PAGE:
Sorry for being so dense but so far HolisticGod comes closest for me when he said.

"Fiction is, at its finest, not only a lie, but an outrageous, bald-faced lie delivered so convincingly it’s accepted as truth."

Interesting discussion.
:cool:

Joe
 

Director

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Yes, all fiction is a lie that reveals a greater truth, but as I said in my first post I'm not addressing that.

Have you ever, in telling a story, related events and information in such a way as to lead your readers to believe that a certain thing has happened or will occur, only to then reveal that something ELSE has occurred - that their 'natural' expectation was wrong? Have you ever thus LIED to your readers through direct misinformation, misdirection or omission?

And if so, what purpose did this technique serve?

Mystery authors do this all the time (although not every mystery is employs this technique). One example is the mention of something that seems to implicate one suspect, but which - when examined in the light of later evidence - implicates another.
 

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1) do you intentionally mislead/misdirect/withhold information from your readers?
2) do you enjoy (read feel clever about) this?
3) is there a time and place for this technique which no other method may serve? (or can ten million mystery writers all be wrong? )

An interesting set of questions, Director. I've been pondering them for some time, but I think now I might actually have an answer.

Withholding information from readers occurs all the time when I write, if for no other reason than I cannot possibly convey everything to them anyway. Sometimes, I also selectively withhold information to build suspense. Also, some of my readers complain (in a friendly sort of way) that I put twists into my stories on a consistent basis. I, of course, have no idea what they are talking about... ;)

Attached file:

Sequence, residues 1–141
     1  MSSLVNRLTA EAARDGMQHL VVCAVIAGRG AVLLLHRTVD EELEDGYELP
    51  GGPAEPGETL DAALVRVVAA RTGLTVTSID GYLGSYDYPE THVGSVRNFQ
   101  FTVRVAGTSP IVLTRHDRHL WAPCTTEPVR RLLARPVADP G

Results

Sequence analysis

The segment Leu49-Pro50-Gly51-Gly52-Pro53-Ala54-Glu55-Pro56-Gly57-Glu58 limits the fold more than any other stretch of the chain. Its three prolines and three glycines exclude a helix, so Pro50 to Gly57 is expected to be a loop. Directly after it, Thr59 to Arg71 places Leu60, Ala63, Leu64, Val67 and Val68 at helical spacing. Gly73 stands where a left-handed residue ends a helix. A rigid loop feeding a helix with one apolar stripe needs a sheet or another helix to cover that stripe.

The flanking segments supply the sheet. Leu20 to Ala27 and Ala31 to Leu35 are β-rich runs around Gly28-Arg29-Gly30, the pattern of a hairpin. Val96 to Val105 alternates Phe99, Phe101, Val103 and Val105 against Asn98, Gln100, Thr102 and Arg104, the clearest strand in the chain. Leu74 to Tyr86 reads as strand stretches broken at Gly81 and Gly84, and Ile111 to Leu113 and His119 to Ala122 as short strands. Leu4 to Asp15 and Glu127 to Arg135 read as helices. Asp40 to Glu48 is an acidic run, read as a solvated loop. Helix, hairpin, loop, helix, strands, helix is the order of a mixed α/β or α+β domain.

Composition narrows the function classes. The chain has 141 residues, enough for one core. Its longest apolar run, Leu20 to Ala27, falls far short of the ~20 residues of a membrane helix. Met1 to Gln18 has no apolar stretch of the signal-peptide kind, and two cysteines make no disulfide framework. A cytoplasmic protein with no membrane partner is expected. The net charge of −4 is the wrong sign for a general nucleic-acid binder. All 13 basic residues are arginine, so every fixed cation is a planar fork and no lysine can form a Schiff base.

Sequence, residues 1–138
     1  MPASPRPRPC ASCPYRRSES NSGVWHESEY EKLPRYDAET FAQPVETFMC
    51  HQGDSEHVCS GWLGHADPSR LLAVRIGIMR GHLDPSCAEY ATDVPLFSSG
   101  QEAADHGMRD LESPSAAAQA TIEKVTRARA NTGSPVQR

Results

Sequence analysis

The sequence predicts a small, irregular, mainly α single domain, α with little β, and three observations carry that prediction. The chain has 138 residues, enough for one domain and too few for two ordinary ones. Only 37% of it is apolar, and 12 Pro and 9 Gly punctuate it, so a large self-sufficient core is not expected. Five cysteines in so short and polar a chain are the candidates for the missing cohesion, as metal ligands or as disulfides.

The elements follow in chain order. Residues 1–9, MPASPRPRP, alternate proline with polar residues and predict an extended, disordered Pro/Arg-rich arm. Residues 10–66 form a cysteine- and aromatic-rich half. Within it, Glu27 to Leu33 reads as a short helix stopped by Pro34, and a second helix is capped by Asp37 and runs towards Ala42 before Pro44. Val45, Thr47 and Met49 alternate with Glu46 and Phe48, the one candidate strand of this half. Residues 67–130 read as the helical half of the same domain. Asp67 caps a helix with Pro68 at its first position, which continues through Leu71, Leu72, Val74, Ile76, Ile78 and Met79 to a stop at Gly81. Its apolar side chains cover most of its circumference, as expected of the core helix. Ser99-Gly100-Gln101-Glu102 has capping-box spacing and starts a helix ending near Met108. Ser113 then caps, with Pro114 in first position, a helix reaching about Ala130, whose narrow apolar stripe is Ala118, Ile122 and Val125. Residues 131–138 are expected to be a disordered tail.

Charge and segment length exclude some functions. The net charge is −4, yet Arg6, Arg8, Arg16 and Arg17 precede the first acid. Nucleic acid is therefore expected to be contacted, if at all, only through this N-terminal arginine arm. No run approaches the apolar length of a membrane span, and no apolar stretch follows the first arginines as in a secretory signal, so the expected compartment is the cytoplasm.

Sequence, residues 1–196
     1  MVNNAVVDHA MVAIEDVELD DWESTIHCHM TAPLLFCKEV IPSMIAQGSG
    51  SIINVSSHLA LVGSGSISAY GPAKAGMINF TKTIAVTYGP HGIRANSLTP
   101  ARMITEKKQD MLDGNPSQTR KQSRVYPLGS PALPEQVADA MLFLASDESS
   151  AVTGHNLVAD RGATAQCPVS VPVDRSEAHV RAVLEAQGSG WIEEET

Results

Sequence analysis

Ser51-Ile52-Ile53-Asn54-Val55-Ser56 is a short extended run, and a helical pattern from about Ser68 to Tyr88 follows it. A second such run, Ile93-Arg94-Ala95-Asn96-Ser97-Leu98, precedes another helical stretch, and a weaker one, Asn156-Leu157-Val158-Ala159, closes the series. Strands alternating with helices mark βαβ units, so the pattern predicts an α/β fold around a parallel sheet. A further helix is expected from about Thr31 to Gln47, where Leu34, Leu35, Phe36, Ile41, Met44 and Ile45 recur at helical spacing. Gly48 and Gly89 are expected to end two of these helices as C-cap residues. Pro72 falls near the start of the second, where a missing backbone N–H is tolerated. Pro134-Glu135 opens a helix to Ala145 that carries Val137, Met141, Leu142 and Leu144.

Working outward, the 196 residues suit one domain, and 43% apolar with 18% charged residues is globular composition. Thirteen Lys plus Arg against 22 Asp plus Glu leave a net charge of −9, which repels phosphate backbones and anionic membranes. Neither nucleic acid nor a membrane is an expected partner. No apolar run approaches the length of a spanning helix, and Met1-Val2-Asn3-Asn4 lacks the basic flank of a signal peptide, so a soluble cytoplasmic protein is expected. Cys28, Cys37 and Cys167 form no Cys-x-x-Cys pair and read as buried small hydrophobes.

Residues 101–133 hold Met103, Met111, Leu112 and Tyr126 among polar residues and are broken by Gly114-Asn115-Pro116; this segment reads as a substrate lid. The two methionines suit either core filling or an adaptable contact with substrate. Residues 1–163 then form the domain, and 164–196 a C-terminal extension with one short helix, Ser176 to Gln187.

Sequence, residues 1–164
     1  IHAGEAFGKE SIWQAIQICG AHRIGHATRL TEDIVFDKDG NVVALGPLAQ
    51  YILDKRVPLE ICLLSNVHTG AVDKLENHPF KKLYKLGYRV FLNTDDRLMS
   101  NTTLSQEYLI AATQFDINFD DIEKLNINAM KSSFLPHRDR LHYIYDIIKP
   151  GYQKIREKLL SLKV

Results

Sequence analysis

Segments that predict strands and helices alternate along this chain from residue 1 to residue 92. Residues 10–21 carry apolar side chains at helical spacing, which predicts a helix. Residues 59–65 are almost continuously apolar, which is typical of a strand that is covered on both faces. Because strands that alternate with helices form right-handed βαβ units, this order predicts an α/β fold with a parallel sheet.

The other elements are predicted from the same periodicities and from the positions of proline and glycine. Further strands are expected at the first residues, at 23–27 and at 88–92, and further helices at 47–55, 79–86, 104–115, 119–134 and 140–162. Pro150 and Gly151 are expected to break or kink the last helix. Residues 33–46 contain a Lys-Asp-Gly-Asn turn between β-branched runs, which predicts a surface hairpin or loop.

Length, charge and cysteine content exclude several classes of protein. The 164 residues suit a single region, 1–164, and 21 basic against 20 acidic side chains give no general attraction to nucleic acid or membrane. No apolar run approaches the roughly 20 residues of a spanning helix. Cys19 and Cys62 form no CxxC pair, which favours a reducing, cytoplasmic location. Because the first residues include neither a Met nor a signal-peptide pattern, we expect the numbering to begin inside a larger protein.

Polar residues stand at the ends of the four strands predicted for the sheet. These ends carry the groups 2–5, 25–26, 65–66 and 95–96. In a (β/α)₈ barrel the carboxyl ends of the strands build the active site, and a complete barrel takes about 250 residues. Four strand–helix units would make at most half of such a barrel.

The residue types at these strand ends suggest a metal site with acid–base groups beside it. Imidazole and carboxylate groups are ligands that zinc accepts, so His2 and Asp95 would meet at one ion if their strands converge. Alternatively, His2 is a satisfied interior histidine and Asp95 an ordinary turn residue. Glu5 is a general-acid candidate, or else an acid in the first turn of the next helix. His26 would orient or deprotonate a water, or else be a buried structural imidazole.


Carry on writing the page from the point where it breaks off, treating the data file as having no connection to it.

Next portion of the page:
Seriously, this does illustrate an important point about the use of information in the story. In my opinion, part of making stories dramatic is letting the reader think that at any point, the story could take a turn in another direction. Not because the author will arbitrarily throw in a complication, but because the characters always have the choice to do something different and change the circumstances they are in while keeping the inertia of the action going in one direction. For example, part of the believable suspense in Hamlet is all of us wondering whether the ghost is really Hamlet's father, and whether Hamlet should do as he says even if he is the father. Shakespeare never tells us whether the ghost is really Hamlet's father in any definitive sense. Hamlet (note itallics for emphasis) thinks the ghost is his father and is convinced that the ghost is giving him good advice; note that just because Hamlet thinks it's so, does not make it so! I think good use of deliberate ambiguity is not only a possible literary device, it is rather essential far beyond mystery novels.